Update: Cell Phones can cause Cancer

There’s a suppressed science correlating cell phone use with cancer risk.  It is suppressed because the health risks pose a basic threat to the business model of the booming cell phone industry, with looming regulation and a devastating spate of future law suits.  In defense of the scientific community, I hasten to add that there was no reason to suspect in advance that radio waves would have any biological effects whatever, based on well-established and conventional notions of how biochemistry works.  But the epidemiological evidence has been compelling for several years now, and it’s past time for the community to turn around.

(Unlike x-rays and nuclear power, cell phone radiation is not “ionizing radiation”, and cannot break chromosomes or cause mutations.  The mechanism by which it interacts with biological processes remains wholly unknown.)

Last week, data from a major study were released confirming our worst fears.  This was based on rats, not humans, so all the provisos about indirect evidence and correlation vs causation don’t apply.  Rats live just two years, so the exposure time was short compared to humans.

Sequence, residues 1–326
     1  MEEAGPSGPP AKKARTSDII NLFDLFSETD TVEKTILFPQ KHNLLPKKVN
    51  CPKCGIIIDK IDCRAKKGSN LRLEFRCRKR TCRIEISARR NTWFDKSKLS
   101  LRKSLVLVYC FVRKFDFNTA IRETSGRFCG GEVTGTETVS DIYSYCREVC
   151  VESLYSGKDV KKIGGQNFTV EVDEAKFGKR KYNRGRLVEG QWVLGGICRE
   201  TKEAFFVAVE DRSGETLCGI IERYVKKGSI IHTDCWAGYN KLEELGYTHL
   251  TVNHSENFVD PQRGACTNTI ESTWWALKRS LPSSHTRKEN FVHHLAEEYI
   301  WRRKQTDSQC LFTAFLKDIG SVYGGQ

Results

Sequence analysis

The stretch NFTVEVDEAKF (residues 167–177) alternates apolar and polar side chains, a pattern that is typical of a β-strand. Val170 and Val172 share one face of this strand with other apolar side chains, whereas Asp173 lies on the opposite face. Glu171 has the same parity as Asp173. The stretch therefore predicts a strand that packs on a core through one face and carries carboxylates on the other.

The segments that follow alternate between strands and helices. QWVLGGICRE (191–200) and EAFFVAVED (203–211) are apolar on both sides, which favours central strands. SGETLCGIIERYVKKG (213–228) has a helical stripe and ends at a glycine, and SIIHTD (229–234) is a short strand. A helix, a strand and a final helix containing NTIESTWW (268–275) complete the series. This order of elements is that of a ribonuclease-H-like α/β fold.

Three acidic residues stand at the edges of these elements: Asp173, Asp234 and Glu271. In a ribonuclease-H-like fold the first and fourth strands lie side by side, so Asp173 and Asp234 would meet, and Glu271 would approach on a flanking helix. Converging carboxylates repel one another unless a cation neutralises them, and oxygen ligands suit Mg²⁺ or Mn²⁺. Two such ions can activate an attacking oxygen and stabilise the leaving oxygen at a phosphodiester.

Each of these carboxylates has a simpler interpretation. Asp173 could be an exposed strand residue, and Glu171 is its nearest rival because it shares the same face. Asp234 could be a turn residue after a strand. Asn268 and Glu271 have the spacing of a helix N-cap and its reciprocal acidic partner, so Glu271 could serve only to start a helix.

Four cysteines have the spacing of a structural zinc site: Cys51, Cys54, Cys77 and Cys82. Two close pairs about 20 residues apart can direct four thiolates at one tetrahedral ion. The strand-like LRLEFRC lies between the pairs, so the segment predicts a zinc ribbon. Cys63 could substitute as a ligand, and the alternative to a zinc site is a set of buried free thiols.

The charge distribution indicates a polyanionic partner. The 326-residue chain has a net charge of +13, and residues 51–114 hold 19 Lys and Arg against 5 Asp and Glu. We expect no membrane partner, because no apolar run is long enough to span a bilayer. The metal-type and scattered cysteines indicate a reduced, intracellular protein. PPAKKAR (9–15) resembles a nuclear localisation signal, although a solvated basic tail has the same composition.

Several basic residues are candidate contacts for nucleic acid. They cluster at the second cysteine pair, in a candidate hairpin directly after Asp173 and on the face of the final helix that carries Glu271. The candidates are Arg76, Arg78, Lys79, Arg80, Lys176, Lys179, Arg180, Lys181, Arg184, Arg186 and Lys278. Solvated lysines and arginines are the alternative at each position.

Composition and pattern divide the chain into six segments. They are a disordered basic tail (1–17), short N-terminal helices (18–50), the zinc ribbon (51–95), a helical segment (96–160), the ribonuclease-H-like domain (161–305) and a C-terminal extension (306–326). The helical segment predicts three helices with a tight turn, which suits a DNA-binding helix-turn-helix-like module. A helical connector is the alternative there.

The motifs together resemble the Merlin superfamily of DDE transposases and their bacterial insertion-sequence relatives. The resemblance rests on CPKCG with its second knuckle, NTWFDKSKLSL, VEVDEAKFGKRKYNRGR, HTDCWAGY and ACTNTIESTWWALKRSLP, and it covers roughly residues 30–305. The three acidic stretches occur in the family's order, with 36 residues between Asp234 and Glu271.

They chronically exposed rodents to carefully calibrated radio-frequency (RF) radiation levels designed to roughly emulate what humans with heavy cell phone use or exposure could theoretically experience in their daily lives. The animals were placed in specially built chambers that dosed their whole bodies with varying amounts and types of this radiation for approximately nine hours per day throughout their two-year life spans.

Despite the short duration of the experiment and despite the fact that there were only 90 rats in each group, cases of rare cancers were reported in the test rats, but none in the controls.

An interesting twist in the results is that there is a hint that rats exposed to cell phone radiation lived longer.  There is precedent for this in many kinds of hormetic experiments.  For example, intermittent, low levels of ionizing radiation cause an elevated cancer incidence, but for those that don’t get cancer, there is a small tendency for increased life span.

Is this a big cause for concern, or a tempest in a teapot?

Quantifying the risks for humans remains very uncertain.  For humans, there are no precise measures of exposure, and for rats, we don’ know how to translate the results to human terms.  This kind of uncertainty combined with huge economic stakes leads inevitably to strong language and exaggerated claims on both sides.

For me as a consumer, this has been a subject about which I’m happy to hide my head in the sand.  When I’ve been forced to think about it, I’ve concluded that cautionary measures are warranted, but I’ve been slow to follow through.  Another big topic which I don’t want to think about is the speculative effect of cell radiation on neural activity–thought in the present moment.  Does cell phone radiation affect concentration?  Productivity?  Headaches?  My best guess is that there are some people for whom these effects are a palpable reality.